A garden of gratitude: Poet Ross Gay
Ross Gay teaches in the creative writing program at Indiana University and works with the Bloomington Community Orchard, a publicly owned orchard maintained by volunteers. The orchard’s harvest is available to everyone in the community. Gay’s books include Against Which (2006), Bringing the Shovel Down (2011), and Catalog of Unabashed Gratitude, which was nominated for a National Book Award in 2015.
Can you say something about the stories behind some of your poems, like “Ode to Buttoning and Unbuttoning My Shirt” or “Feet” or “Armpit”?
The “Buttoning” poem comes from the very real and mundane pleasure of buttoning a shirt. I was in the mind of Turkish poet Nazim Hikmet, who would say things like, “This is not something to take lightly.” As for “Armpit,” I was meditating on the beauty and sexiness of someone’s hairy armpit. The poem traveled to a place that wonders where desire originates and about the overlapping of desires.
How did you know that these poems were adding up to a Catalog of Unabashed Gratitude?
I didn’t until I decided to call the book Catalog of Unabashed Gratitude. I did that before the book was done and before the poem with that title existed. I thought, “Oh, I want to write a catalog of unabashed gratitude, and I better write a poem called that too!”
What is unabashed gratitude? How is it different from abashed or perfunctory gratitude?
Unabashed is reckless and sloppy and unreserved and weeping and hollering. I suspect it knows that we are not with each other for very long, and so wants to vocalize it.
What role did your work in the Bloomington Community Orchard play in these poems?
That project is all over these poems. I’ve learned a lot from working with trees over these last years, and you can see some of that in the poems. More important, I’ve worked with people on imagining how to love each other. This book wonders about that.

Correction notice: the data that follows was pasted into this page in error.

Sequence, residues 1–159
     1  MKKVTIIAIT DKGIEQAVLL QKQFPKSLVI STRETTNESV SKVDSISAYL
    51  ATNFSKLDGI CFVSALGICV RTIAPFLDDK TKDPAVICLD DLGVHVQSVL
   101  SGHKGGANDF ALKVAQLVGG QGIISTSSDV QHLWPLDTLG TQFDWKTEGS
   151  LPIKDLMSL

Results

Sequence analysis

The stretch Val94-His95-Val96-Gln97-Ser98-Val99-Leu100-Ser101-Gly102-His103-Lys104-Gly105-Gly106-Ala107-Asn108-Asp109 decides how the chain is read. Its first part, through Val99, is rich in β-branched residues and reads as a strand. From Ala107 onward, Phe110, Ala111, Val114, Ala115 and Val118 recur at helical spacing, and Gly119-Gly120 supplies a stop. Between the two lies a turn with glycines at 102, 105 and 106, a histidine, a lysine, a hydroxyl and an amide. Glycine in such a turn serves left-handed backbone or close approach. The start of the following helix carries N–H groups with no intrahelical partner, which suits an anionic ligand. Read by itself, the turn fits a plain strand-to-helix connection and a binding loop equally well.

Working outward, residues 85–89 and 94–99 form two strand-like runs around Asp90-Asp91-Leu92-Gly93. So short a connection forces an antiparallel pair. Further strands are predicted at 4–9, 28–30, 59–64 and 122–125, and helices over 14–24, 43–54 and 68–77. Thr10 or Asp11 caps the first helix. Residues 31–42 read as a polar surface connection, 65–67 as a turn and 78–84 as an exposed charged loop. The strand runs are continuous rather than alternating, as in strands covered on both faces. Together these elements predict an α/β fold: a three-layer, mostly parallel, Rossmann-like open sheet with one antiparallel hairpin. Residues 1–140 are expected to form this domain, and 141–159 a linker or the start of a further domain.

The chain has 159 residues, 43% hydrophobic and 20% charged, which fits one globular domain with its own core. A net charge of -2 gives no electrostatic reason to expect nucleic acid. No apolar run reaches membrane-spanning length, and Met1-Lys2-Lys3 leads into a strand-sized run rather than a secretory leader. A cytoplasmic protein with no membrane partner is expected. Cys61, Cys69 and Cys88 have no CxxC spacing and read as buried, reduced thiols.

What is going on in your garden right now?
Sadly, I’m away from it until August. There is about a year’s worth of garlic filling up three long beds, and various greens. Strawberries are happening, as are my beloved goumi, two bushes of the red gems sparkling in the sun. Nanking cherries. Potatoes. Herbs like crazy. Rugs of oregano. The plum and peach trees are loaded—pray the rot doesn’t waste ’em all. And I predict a good crop of figs this year.
You talk about poetry as “close looking, paying attention, going slow, a kind of training in receptivity.” Those phrases make me think of words like prayer and devotion. In “To the Fig Tree at 9th and Christian,” you write, “we are feeding each other / from a tree / at the corner of Christian and 9th / strangers maybe / never again,” and I think “communion.” How would you talk about the religious aspect of your poems?
I think you’re right to say something about communion and prayer. Coming together and making a livable common world is the most interesting thing in the world to me, and it’s interesting in part because it’s happening every second. I also have a lot of poems that explicitly appropriate biblical stories—or do revisions of them, or argue with them.
We so often think of poets laboring alone in solitary settings, but you’ve experimented widely with poetic collaboration.
I like giving away some authority or control in the process of making a thing. I like submitting and arguing. I search for surprise when making things “alone” (which I never actually do). Working with a teammate almost guarantees that surprise will happen. I like being on a team for the sake of witnessing collaboration.
You talk about joy as a discipline. What do you mean?
I mean it’s something that needs to be practiced, like foul shots, or grafting.